In its report, engineering and manufacturing body the EEF sets out reforms which it claims would provide an immediate boost to high-tech investment and innovation and create an internationally competitive tax system that helps to repair the public finances in the medium term.
The manufacturers' organisation warned that failure to reform the tax system would lead to more companies moving their headquarters overseas.
Regional director Alan Hall said: "We still lack a coherent tax system that encourages manufacturers to invest and sends the signal that they should be doing it here.
"The next government must think and act differently about how the tax system supports manufacturing and a balanced economy. In particular, it can achieve much larger benefits from any new measures if its approach is more predictable and transparent.
"In the short term, it means developing a modern, efficient tax system that helps to grow a diverse and dynamic manufacturing base. In the medium term, it means creating a more competitive tax environment to help reduce the number of hard choices we have to make when repairing the public finances.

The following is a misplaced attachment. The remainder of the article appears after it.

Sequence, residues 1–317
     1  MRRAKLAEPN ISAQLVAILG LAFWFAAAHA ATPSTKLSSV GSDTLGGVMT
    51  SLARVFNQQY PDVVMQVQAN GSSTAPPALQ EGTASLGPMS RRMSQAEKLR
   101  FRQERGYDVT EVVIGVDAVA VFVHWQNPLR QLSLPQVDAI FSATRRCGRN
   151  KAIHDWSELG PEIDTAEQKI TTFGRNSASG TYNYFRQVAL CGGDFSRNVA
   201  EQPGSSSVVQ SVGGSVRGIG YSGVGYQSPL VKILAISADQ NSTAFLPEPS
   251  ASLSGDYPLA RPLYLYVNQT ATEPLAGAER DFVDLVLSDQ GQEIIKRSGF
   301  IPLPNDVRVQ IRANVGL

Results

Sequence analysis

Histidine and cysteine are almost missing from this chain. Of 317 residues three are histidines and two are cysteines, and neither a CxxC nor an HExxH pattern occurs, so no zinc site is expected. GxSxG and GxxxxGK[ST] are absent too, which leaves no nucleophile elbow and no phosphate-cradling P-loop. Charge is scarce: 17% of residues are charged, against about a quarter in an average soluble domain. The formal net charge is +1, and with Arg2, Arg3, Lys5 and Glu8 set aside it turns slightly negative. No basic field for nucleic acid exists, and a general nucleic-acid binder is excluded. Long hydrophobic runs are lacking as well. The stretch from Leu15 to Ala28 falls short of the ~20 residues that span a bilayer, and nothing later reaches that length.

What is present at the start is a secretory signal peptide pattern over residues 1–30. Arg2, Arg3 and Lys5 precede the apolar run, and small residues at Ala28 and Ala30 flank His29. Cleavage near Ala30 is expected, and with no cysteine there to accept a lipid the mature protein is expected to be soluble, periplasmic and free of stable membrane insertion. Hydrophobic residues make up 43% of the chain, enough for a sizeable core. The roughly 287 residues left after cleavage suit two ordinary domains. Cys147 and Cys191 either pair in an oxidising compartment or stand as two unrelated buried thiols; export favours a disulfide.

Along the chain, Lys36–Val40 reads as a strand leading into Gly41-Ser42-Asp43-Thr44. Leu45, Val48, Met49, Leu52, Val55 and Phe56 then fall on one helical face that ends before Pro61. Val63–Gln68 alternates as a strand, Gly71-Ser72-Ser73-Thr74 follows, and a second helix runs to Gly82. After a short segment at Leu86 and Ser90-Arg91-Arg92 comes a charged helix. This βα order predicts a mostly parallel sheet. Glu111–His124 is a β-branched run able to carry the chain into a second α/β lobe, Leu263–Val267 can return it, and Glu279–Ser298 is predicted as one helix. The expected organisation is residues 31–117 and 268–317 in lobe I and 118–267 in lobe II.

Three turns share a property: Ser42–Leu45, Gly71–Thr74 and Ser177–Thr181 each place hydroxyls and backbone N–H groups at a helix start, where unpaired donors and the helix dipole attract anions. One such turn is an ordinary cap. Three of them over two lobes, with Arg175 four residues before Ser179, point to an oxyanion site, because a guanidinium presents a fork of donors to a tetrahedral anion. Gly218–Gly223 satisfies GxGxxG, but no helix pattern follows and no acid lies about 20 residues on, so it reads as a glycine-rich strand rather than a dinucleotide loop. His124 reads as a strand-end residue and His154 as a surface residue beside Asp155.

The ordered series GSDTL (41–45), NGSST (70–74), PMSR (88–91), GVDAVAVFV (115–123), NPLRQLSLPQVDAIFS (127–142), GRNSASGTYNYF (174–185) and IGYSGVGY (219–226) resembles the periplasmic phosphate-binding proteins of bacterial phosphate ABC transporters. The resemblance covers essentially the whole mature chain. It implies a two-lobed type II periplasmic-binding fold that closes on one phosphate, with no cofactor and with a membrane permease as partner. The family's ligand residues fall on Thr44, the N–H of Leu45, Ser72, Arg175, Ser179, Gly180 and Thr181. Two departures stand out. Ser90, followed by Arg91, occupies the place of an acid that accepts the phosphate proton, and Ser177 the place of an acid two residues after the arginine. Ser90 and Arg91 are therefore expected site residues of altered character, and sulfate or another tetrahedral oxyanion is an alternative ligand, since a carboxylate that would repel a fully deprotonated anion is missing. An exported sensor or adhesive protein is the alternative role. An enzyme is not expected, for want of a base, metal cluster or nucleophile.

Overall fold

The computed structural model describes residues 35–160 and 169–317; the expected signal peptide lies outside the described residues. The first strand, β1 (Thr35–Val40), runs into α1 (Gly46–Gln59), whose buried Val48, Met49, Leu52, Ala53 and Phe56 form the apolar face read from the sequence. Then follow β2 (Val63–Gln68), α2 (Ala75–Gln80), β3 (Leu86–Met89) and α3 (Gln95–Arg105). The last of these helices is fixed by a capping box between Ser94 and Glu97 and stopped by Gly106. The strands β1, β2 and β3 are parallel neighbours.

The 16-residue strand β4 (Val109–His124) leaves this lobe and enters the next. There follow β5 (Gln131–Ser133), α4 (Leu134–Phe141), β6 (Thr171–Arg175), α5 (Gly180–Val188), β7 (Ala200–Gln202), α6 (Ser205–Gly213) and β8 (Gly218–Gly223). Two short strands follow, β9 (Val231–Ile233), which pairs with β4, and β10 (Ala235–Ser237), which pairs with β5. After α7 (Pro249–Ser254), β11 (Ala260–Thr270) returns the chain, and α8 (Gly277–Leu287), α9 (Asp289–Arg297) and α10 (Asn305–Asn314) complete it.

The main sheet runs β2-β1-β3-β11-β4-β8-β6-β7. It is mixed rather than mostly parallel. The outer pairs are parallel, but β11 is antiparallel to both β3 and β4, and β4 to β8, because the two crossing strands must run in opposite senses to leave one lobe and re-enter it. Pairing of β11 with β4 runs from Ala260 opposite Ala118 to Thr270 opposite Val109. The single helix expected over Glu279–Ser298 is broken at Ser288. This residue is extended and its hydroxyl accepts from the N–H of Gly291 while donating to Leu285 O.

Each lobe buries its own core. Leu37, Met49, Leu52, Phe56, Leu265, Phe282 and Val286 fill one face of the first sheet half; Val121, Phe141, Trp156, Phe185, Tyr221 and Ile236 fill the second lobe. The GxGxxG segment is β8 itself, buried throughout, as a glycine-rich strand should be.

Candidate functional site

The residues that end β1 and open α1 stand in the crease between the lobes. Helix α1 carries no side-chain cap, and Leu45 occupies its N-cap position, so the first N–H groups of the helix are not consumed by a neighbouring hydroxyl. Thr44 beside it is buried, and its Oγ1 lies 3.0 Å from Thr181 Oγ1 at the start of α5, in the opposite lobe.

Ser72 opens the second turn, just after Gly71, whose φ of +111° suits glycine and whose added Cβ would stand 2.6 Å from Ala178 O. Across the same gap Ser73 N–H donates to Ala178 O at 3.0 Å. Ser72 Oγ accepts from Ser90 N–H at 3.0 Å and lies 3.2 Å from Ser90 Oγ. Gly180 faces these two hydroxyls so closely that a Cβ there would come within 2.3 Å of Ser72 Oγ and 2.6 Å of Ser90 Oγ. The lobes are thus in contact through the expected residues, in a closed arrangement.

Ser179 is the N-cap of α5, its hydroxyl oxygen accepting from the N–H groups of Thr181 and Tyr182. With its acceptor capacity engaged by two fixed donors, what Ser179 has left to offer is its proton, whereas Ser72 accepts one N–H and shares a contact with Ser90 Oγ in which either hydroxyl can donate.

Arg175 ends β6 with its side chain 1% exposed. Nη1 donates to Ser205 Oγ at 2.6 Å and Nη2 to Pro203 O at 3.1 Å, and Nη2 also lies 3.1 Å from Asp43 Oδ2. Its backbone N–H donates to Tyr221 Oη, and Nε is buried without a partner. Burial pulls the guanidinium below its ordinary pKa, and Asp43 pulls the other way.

"A modern, competitive tax system would not only re-
balance our economy but attract mobile multinational investment to the UK and send the right signal to would-be investors. The next government must make this a priority."
The EEF is calling for immediate reforms to encourage manufacturing investment in state of the art machinery, innovation and entrepreneurialism.
The new government should modernise the "antiquated" capital allowances regime to allow a wider range of assets to be written off at the end of their useful economic lives.
The new government should also create a more sustainable capital gains tax regime so the current incentive to avoid paying tax is replaced by incentives to make long-term investments in business.
In the medium-term, the EEF is calling for a simpler, more efficient tax system that encourages investment in modern machines and in global markets.
Reforms include cutting the headline rate of corporation tax to 25p over five years, raising the VAT rate to 20 per cent to encourage the shift from a borrowing to a saving society and return the top rate of tax to 40p.